Knowledge-based Characters

by L. Drew Davis (

How do you properly deal with characters with a lot of knowledge abilities, especially mystical ones? Here, I mean the stereotypical sorts of bard, or sage, or fortune-teller. Assuming the GM and player have a life, there’s no way that the GM is going to write down everything that they character would know (most of it probably isn’t even invented at the start of the average game), and there’s no way the player is going to memorize it all and recall it.

Very often, these sorts of characters just turn into “GM mouthpieces”, a convenient excuse for the GM to tell the players something he would have told them anyway. The GM just substitutes “Fredrico happens to know that” for whatever other reason he may have had for dropping the tidbit.

The drawback here is that the character is really deprived of his ability. There’s no chance to make connections, or recognize a bit of background, or have that extra bit of knowledge beforehand. Without some care, playing these characters becomes an endless series of glancing at the GM and waiting for him to fill in what you would say whenever a question arises, not the most fun.

A few things I like to see when I’m playing such characters:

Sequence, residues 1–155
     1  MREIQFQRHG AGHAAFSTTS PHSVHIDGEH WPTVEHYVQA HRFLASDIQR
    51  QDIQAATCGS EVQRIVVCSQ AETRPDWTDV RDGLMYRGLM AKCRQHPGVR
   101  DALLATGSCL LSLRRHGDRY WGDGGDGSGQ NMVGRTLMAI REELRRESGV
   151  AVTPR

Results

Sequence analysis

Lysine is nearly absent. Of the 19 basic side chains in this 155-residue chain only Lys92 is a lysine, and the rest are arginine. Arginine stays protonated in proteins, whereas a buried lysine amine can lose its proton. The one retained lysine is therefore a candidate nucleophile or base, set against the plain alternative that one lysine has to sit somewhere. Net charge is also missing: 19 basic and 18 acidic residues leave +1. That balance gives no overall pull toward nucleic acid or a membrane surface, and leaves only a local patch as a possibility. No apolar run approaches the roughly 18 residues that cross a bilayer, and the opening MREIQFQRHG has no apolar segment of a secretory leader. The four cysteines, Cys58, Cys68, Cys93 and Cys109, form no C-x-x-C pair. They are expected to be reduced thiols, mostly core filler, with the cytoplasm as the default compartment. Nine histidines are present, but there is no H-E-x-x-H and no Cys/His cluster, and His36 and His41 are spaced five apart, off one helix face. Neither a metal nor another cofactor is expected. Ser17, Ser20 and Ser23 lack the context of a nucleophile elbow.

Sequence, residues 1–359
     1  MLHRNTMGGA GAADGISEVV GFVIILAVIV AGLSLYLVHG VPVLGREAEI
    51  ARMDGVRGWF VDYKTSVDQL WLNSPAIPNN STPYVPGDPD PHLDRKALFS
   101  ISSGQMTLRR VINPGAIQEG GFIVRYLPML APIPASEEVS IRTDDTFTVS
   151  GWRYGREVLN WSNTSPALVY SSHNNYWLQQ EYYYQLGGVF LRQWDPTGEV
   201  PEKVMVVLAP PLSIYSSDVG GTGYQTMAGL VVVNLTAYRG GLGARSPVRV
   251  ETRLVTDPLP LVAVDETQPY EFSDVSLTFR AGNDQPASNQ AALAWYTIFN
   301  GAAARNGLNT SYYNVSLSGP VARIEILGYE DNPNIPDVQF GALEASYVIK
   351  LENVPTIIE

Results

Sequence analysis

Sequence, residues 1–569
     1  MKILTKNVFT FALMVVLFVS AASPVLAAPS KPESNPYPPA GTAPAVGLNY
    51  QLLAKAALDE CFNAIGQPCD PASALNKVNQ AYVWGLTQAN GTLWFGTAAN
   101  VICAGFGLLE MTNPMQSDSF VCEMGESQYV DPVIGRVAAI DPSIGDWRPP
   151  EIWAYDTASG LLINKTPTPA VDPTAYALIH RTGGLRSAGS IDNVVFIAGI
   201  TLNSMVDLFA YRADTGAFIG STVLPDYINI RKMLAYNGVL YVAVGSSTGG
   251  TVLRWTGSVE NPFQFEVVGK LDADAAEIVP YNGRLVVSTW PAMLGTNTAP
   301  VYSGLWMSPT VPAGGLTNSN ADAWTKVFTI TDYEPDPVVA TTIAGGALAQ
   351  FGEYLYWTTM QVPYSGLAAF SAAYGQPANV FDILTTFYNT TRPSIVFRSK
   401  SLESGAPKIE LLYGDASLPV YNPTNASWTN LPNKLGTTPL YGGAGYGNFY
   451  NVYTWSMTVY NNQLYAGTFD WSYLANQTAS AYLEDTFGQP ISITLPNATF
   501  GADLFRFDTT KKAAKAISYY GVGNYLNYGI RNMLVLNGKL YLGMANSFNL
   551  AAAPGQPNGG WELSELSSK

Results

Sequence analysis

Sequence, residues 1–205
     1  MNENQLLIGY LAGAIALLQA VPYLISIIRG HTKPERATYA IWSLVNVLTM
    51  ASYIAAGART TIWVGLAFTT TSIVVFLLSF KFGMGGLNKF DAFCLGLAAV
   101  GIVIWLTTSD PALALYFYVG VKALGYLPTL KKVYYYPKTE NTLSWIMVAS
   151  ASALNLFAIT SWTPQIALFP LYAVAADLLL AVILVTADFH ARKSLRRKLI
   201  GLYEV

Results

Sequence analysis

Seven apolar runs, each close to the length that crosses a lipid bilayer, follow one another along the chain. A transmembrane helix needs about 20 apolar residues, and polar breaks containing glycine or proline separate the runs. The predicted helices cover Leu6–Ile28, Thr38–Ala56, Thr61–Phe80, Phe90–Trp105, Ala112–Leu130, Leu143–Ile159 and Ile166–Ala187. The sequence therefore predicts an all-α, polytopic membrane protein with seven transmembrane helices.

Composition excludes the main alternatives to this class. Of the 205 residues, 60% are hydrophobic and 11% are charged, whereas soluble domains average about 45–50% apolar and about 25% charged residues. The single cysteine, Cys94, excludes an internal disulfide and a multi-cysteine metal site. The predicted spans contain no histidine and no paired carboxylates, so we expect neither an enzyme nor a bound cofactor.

1. Always inform the character privately of his knowledge. Most of the time he’ll just pick up the note and then promptly announce the information to the party. But you need to leave him that choice, and that moment of foreknowledge, not just short-circuit the process by announcing the facts out loud.
  2. Try to take advantage of such characters with a few pre-game briefings. When you know some event/fact is looming near in a game, tell the player beforehand, so he can naturally work the information into the game at the appropriate time.
  3. Get the player to stooge for you a bit. Write some scenes with the character in mind, and fill him in on his part, with some dramatic dialogue or whatever. (Beware of being simply mysterious, though, as the other players are promptly going to pounce on the diviner observing the omen and demand some details. He’d better be prepared to supply them, or the scheme dissolves quickly.)
  4. When you (as GM) get a chance, write up some background material and give it to the player, especially when it’s not relevant to the current adventure. Mix in some “just random stuff” with the pointedly relevant bits, and leave it to the player to figure out which is which.